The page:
EDIT: just to expand on this a bit, this means that there are workloads that these old-school supercomputers will run much faster than a modern high-end desktop. This particularly applies to workloads which have a lot of shared memory access at random locations - a very difficult case for the modern systems, which depend on high cache hit rates. Also, the GFLOPS ratings of these supercomputer processors are in many ways more real than the ratings of commodity processors, which depend on the pipelines being filled in very specific ways. So no, you can't replace this system (at least the 32-processor version) with a smartphone or even a desktop. Which is not to say it would be cost-effective at 39 million of 1996 dollars.
Another case which I saw personally was a simulation of a part of the visual cortex of the brain; you had neurons which were connected to their neighbors, but you also had a bunch of connections to far-away neurons, and the bandwidth between processors which simulated different parts of the cortex became a limitation (and the huge supercomputers which had the bandwidth were (a) expensive, and (b) had relatively slow processors for the number crunching in each region).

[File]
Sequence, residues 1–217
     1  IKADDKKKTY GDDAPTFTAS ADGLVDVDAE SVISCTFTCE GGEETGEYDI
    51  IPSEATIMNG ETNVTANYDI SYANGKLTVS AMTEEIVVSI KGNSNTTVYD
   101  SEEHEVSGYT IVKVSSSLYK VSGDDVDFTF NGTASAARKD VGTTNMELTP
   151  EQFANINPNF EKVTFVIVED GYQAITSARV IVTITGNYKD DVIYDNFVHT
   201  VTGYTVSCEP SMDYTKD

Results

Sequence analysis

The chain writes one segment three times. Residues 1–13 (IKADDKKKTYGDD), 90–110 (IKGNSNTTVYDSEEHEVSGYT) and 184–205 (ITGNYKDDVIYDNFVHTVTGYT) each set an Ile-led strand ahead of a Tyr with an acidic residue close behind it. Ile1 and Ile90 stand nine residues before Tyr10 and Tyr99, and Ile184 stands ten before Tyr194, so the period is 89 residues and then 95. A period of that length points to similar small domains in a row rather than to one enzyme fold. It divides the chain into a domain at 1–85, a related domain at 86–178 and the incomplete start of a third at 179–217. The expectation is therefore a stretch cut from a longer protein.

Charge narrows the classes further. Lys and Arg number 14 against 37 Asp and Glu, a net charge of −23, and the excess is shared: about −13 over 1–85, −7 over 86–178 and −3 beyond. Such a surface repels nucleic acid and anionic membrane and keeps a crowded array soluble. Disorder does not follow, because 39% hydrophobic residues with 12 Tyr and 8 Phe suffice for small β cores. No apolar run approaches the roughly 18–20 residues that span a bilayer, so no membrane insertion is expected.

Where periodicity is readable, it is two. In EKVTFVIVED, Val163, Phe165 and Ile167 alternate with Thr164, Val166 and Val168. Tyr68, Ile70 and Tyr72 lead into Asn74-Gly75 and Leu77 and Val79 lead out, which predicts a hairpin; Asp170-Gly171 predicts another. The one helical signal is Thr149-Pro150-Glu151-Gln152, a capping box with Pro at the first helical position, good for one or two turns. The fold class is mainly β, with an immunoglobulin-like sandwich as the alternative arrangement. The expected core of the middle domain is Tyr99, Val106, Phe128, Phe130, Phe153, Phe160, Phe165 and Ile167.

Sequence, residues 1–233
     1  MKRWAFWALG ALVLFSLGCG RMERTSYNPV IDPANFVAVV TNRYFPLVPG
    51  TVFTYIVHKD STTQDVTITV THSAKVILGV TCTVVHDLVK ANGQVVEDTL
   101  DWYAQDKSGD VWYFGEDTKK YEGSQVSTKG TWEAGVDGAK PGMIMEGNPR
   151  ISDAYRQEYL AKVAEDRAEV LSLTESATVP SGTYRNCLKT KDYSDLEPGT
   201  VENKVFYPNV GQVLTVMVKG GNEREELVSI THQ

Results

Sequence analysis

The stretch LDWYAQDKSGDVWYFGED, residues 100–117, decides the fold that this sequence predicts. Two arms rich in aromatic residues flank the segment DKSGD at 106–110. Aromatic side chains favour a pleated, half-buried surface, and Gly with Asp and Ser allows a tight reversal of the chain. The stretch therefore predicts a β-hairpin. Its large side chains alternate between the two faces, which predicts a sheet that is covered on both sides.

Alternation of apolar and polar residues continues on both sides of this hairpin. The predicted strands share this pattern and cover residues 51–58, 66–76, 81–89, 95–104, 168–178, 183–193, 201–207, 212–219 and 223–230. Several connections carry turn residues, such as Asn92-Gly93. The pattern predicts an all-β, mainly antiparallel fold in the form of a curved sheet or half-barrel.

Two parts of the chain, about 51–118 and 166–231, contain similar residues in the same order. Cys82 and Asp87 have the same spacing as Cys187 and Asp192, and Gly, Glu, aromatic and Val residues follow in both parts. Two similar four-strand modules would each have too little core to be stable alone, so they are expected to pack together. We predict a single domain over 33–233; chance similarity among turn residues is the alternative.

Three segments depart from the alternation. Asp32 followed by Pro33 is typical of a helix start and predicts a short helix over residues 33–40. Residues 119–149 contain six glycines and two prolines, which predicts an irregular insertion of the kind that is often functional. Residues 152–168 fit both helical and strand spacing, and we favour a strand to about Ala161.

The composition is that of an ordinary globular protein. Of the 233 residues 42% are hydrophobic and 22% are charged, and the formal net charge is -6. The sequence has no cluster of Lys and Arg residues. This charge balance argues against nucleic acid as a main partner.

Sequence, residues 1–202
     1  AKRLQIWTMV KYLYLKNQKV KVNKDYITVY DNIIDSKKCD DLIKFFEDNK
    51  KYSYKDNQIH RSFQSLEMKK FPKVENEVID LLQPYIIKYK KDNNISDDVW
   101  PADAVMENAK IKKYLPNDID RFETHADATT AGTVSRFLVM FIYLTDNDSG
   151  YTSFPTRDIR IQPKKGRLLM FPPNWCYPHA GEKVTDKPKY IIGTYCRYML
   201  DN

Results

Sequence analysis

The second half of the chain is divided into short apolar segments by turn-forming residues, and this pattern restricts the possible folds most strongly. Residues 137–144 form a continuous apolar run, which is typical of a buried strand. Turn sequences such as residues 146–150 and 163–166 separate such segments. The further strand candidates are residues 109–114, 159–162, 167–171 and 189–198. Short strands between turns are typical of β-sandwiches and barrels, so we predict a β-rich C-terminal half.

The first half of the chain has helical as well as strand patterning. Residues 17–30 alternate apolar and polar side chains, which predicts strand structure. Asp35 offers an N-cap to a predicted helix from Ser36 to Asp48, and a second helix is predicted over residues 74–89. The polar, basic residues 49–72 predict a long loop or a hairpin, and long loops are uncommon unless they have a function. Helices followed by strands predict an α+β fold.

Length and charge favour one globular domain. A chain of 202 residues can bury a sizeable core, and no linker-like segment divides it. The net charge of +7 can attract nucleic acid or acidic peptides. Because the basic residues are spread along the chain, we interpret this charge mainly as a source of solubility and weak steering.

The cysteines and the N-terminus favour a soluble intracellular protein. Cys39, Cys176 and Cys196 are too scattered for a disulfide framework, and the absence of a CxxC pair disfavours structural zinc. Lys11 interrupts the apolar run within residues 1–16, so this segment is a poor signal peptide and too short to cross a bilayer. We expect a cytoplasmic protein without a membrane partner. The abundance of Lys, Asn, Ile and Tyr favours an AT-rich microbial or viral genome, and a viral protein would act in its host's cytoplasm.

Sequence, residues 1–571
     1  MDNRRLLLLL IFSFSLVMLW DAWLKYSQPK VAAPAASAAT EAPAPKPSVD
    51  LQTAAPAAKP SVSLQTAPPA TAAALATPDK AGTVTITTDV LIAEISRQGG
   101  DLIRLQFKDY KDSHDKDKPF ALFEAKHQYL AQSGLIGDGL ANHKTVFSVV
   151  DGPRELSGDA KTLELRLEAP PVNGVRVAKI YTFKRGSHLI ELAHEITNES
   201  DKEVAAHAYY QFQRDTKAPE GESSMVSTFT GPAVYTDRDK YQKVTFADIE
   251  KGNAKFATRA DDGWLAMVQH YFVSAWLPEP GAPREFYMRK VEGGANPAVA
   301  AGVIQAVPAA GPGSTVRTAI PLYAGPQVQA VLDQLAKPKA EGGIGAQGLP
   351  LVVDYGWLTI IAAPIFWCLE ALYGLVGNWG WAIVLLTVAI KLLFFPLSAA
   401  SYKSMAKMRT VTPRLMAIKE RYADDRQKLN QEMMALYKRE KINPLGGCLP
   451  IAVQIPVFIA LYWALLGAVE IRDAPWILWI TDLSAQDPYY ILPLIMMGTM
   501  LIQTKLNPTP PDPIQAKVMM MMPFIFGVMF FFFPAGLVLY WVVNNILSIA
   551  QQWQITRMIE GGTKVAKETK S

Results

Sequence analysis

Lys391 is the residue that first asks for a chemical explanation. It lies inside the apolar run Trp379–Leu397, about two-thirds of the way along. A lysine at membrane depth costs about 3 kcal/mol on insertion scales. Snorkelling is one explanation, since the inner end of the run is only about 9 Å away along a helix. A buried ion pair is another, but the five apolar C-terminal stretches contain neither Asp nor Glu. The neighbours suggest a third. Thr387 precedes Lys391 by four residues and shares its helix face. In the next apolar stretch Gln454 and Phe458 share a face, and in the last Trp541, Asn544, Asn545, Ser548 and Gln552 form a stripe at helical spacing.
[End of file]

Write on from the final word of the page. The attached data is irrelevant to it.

Except in this case, I found that the physical delay which existed on a long connection between neurons allowed us to buffer the messages and send a notification about the whole train of impulses, effectively compressing the data. Together with some other simple changes, the simulation ran 10 to 100 times faster, and could use clusters instead of supercomputers.
In general, there are not that many cases in which you really can't get rid of the requirement of fast non-local memory access; if there were, these supercomputers wouldn't have died out. But they were useful in some cases, and were also good for freeing people from thinking about how to localize their memory accesses - this speeded up development.